Tracking time in real-time on Hubstaff’s Android and iOS programs is exactly the same as it’s on the desktop program. The mobile programs let admins monitor motions via GPS tracking. This provides you an overview of how much movement was done by your employee by capturing location information at different stages.
The Schedules tab lets you assign dates and times for employees to do the job. You can set a minimum number of hours to work, a lunch break duration, and you’ll be able to make it a recurring change. The program’s reporting software is terribly basic: You’ll receive access to weekly, daily, job, and penis view reports as well as a”custom” report which allows you filter information from the above reports. In comparison to the PM solutions in this course, Hubstaff’s coverage is utterly embarrassing consequently, if your target is to understand and evolve according to if and how your employees manage time, you’d be better off working with Zoho Projects, our Editors’ Choice for PM.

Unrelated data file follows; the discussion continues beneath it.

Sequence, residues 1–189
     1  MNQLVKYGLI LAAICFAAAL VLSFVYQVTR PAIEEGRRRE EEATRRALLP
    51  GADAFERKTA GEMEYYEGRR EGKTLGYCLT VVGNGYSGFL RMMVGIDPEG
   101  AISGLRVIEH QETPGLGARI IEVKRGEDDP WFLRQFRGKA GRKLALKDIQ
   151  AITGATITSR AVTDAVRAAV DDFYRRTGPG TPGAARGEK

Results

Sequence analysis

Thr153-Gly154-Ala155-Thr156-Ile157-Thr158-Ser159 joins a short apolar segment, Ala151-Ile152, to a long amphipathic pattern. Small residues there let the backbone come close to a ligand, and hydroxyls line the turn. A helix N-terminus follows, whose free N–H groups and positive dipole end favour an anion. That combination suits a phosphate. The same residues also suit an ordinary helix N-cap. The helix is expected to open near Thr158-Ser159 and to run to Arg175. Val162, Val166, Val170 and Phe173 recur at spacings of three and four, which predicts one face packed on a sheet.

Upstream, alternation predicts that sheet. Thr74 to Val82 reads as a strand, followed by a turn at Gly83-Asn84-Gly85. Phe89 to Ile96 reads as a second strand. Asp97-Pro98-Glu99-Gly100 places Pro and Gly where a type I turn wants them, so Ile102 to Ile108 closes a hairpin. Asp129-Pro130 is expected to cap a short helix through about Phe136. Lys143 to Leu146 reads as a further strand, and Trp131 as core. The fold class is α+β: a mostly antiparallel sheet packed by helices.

Admins receive notifications once they’ve reached weekly staffing and budget limitations. Invoices are automatically calculated and made based on the time each employee worked, as well as his or her associated pay rate. It is possible to set up automatic citizenship through PayPal, which lets you automate payments based on time tracked inside the tool. Keep in mind: Consumers don’t need to send time for acceptance, so automatic payments will be made whether employees were wrong or right concerning the amount of hours they worked. There is no reminder for managers to double-check every timesheet ahead of automatic payments go out so, if you’re worried about making bogus payments, then you can set PayPal payments to manual. Productivity Software Industry
Price And Options